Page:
The cases have been summarized in Table 1 in terms of those three dimensions and the variables of them that were presented in connection with the research setting. Moreover, it has been marked in this table whether the nets have undergone any development in regard to those variables. This is because in the empirical part the aim was to clarify what kind of role these different dimensions and variables play in the development process of interfirm cooperation. As can be noticed, the table contains quite many minus marks. This means that intensifying cooperation in regard to the above-mentioned dimensions and variables is extremely difficult after cooperation has been started. Based on this study it can be stated that the development process of interfirm cooperation can also proceed in the "wrong" direction, because it surprisingly often proceeds in the opposite direction compared to what is generally assumed.

TABLE 1 (Not Available)

Summary of the cases

It is also conspicuous that all cases, both 'less' and 'more' successful nets, developed in regard to formality. Even in the first case where almost everything went in the wrong direction, the development was towards greater formality. The other variable of the network management dimension, decision-making, was not decisive either. All three decision-making styles can follow successful and unsuccessful development paths although consensus-based style is naturally an indication of a tight group. Thus, the network management dimension does not play such an important role in regard to whether the development follows either a successful or an unsuccessful path (cf. Ring and Van de Ven, 1994). The variables of that dimension are consequences of other factors rather than initiators of the process. The socio-psychological dimension seems to play a very important role in the development process. The aspects of this dimension are usually the initiators of the development process [either successful or unsuccessful]. Trust, commitment and group dynamics are extremely significant in the development process, and these variables, correspondingly, usually originate from prior relationships between partners. Good past experiences or friendship between partners probably leads to a successful development path, while unfamiliarity or possible conflicts in prior relationships probably lead to unsuccessful development path. Besides the socio-psychological dimension, the strategic dimension also has its own important role in the development process. As can be seen from Table 1, the partners in those more successful nets had mainly complementary resources, and not overlapping ones, which confirms Pettersen's (1993) research finding. Moreover, in both unsuccessful nets the original intensity of the cooperative efforts did not continue, but remained lower than expected. The reason why the original objectives were not realized was that the resources were not so complementary that they would have formed a uniform product or service meeting a demand in the markets.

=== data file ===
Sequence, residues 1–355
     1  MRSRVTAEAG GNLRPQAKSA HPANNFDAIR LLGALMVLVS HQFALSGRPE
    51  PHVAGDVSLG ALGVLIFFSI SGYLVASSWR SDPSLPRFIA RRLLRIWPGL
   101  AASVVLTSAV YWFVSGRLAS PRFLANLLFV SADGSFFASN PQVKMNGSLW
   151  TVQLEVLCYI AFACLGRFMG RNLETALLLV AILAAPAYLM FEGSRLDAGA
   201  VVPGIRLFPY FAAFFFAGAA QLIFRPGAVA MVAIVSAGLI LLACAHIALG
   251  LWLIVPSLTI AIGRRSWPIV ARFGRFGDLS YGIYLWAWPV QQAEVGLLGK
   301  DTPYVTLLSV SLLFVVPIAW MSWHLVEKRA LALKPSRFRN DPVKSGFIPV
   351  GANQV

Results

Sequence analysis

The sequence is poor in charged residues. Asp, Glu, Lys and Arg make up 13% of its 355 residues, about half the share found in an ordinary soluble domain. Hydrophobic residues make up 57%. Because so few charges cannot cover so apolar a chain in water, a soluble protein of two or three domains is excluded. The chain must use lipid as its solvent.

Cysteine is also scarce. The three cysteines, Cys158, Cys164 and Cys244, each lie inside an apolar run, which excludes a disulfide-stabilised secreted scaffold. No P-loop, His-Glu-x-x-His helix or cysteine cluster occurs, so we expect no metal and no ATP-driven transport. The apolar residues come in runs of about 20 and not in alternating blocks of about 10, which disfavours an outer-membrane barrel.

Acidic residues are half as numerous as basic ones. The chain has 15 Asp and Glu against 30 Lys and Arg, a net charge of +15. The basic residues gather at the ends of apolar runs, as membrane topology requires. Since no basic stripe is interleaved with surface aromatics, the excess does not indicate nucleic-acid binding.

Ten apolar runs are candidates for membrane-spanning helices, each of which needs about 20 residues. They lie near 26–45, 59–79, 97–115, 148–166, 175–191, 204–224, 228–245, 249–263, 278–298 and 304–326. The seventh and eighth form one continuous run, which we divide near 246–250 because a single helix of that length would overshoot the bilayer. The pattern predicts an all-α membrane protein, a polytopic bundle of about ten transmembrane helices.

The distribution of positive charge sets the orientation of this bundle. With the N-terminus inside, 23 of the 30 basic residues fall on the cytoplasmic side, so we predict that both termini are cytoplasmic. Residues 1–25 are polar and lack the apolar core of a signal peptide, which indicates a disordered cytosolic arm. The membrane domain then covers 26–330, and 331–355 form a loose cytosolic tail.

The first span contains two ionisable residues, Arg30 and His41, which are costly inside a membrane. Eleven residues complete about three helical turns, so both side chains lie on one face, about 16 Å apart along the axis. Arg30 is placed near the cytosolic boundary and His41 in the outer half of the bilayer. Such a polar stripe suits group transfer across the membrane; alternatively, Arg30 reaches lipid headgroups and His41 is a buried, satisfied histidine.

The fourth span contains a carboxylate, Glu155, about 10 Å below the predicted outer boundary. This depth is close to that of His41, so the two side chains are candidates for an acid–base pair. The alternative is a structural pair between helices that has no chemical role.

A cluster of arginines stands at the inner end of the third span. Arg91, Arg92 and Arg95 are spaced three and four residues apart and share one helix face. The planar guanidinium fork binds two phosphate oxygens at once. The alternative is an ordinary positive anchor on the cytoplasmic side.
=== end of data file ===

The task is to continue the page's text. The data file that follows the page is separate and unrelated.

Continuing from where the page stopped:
Top of Page
Previous Page | Main Menu | Next Page
Return to 1996 Topical Index

1997 Babson College All Rights Reserved
Last Updated 5/1/97 by Jo Ann Mathieu

To sign-up for the Center for Entrepreneurial Studies' publication lists,
please register with the
Entrepreneurship WebTeam.